Lisbon's New Dawn

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The Portuguese Capital emerges as Europe's latest culinary hot spot

By Robert Camuto-- Wine Spectator July 31, 2015

Today Portugal is the stage for one of the world's most dynamic wine scenes—but that's only part of the story. Portuguese terroir is booming beyond vineyards and wine, with other produce and the creativity and modern techniques of a handful of innovators helping to transform the nation's lively capital of Lisbon into an exciting culinary destination.

Lisbon is so naturally positioned to be a gastronomic center, one wonders why it didn't happen sooner. Located at the mouth of the Rio Tejo (Tagus River), on the Atlantic Ocean in southern Portugal, Lisbon was the departure point for 15th-century Portuguese explorers. Portuguese ships returned home with not only gold but also culinary treasures such as potatoes and tomatoes, tea and coffee, coriander and curry.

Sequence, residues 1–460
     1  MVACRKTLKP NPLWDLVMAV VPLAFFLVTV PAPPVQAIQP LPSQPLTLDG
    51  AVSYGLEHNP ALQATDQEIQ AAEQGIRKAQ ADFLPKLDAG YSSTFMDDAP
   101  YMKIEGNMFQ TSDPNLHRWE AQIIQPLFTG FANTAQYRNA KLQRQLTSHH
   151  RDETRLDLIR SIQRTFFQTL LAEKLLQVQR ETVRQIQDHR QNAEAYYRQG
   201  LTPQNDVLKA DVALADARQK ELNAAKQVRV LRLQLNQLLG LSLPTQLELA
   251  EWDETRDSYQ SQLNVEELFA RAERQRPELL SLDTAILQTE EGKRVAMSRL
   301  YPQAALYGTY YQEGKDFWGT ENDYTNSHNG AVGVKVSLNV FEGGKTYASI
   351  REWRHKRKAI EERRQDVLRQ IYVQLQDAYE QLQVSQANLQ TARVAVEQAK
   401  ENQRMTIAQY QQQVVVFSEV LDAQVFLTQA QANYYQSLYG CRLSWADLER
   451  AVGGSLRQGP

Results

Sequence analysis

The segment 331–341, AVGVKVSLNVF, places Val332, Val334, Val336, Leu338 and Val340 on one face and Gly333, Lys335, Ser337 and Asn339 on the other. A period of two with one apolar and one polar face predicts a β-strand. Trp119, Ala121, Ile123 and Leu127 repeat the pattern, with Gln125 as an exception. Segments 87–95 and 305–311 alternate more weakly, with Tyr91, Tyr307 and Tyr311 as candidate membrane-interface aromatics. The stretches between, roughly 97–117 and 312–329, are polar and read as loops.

Lisbon cooks have long been practitioners of fusion, blending elements from the old empire, which stretched from Brazil to Goa, with southern Portugal's own larder. Lisbon cuisine is nourished by the vast breadbasket of the Alentejo region, from east of the city to the Spanish border. In addition to producing high quality wine corks, Alentejo is known for some of Portugal's most prized foods, including sheep cheeses, black pork, deep-green olive oils, wild mushrooms and asparagus.

Couple such bounty with wines from 29 appellations, and Portugal is now an epicurean El Dorado. Yet it can be considered Europe's late bloomer, one of the last to discover and unleash its culinary potential. A major obstacle was the dictatorship that stifled Portugal and its capital for most of the 20th century. Though the old regime was toppled in 1974, years of instability and a weak economy followed. The past decade has brought new investment and life to Lisbon, and that has helped reshape not only neglected parts of the city, but... Read the full article at the Wine Spectator (subscription).